In rare public criticism, Hamas official says group botched bid to court West

Ahmad Yousif argues that policy document issued in May 2017 attempting to show terror group was moderating failed to gain attention of Western countries since it came a decade late

Adam Rasgon is the Palestinian affairs reporter at The Times of Israel

Palestinian women, one holding a picture of Hamas movement chief Ismail Haniyeh, attend a mass rally marking the 32nd anniversary of the founding of Hamas on December 14, 2019, in Gaza city. (AP/Khalil Hamra)
Palestinian women, one holding a picture of Hamas movement chief Ismail Haniyeh, attend a mass rally marking the 32nd anniversary of the founding of Hamas on December 14, 2019, in Gaza city. (AP/Khalil Hamra)

A mid-level Hamas official recently spoke out against the terror group in a rare public criticism, arguing a policy document it issued almost over two years ago seeking to broadcast a more moderate image, failed to open doors to the West.

Ahmad Yousif, who was an adviser to Hamas chief Ismail Haniyeh when he served as Palestinian Authority prime minister, is considered to be a moderate figure in the terror group.

In May 2017, Hamas published a document declaring that its fight was not against Jews but rather Zionists; it also called for the “full and complete liberation of Palestine from the river to the sea,” but described the establishment of a Palestinian state along 1967 borders, with the return of refugees to Israel, to be “a formula of national consensus.”

Yousif contended that the Hamas policy document came out “late” and that “no one paid attention to it.”

“The changes were big,” Yousif told the Independent Arabia news site in an interview published last week, referring to the document.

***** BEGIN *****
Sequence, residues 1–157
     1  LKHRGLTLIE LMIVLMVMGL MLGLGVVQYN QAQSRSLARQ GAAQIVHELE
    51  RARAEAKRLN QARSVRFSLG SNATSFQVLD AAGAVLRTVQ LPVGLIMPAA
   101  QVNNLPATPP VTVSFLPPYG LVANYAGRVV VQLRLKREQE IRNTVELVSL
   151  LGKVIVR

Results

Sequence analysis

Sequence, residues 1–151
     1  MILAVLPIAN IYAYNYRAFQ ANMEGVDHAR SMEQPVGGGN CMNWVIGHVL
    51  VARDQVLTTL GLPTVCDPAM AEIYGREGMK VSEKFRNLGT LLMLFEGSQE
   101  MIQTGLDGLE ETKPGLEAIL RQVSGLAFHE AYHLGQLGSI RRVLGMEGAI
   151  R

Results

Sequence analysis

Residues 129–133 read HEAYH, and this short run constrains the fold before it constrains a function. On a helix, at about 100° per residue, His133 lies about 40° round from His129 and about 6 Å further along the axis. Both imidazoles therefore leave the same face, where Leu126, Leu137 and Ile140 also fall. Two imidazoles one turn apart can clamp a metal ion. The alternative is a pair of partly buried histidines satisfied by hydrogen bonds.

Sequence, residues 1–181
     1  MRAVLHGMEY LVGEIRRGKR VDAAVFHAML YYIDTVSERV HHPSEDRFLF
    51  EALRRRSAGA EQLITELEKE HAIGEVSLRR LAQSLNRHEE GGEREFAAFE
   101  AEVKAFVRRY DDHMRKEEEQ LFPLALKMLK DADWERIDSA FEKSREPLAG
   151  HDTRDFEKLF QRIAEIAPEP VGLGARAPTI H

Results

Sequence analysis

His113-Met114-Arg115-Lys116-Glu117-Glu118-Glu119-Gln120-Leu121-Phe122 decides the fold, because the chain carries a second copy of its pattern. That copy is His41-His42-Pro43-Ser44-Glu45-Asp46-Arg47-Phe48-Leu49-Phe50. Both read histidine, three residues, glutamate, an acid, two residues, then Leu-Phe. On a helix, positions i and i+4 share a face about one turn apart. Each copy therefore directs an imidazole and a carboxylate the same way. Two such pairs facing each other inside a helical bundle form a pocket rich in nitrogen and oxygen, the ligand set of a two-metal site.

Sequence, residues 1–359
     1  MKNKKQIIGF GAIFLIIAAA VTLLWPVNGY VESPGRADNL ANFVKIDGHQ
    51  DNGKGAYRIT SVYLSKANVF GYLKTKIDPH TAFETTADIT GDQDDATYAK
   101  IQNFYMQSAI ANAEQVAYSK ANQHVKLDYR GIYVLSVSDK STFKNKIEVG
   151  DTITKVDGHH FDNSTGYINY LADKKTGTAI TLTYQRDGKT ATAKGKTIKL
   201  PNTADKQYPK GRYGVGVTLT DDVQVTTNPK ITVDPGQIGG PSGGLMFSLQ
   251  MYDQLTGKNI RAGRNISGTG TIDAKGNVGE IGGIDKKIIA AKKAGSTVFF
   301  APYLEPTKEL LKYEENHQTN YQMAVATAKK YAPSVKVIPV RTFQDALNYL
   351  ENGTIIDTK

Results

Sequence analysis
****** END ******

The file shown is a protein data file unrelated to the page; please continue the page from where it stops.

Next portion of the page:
“But the West did not deal with it. The reason is Hamas itself — because it was late in announcing it,” he said, stating it should have been published in 2006, when Hamas briefly led the PA government, rather than 2017.

The document was partially seen as an attempt by Hamas to make inroads with the Western world as well as distance itself from its controversial 1988 charter, which refers to Hamas’s “struggle against the Jews” and calls for the elimination of Israel.

While Hamas has recently stepped up its communications with the United Nations regarding informal ceasefire understandings with Israel, it has not made major headway in publicly developing ties with Western countries.

Hamas official Ahmad Yousif speaking to Al-Ghad TV on March 20, 2018. (Screenshot: Al-Ghad)

Yousif said that Hamas officials have held meetings with European officials behind closed doors, but the latter has said that appearing openly with the terror group will cause them “embarrassment.”

The US, Israel and a number of other Western countries have classified Hamas as a terror group.

Yousif added that Hamas’s “political rhetoric is still weak and many of its leaders are not skilled at dealing with the West.”

“The movement bears responsibility for that because it did not put the appropriate person in [the appropriate] place,” he said.

Since the publication of the policy document, Hamas officials have not backed away from praising deadly attacks against Israelis, which have been condemned by Western government officials. They also have continued to vow to not recognize Israel’s existence or accept signed agreements between Israel and the Palestine Liberation Organization.

Yousif also said that he had put forward a proposal to create a “a religion-based federation on Palestine’s land that includes all of its beings as a model for coexistence, but it was rejected.”

“If [Hamas] spoke to the West in this way, it would have achieved great ends,” he said.

Yousif’s comments published in the Independent Arabia did not state what specifically he believes a religion-based federation would entail.

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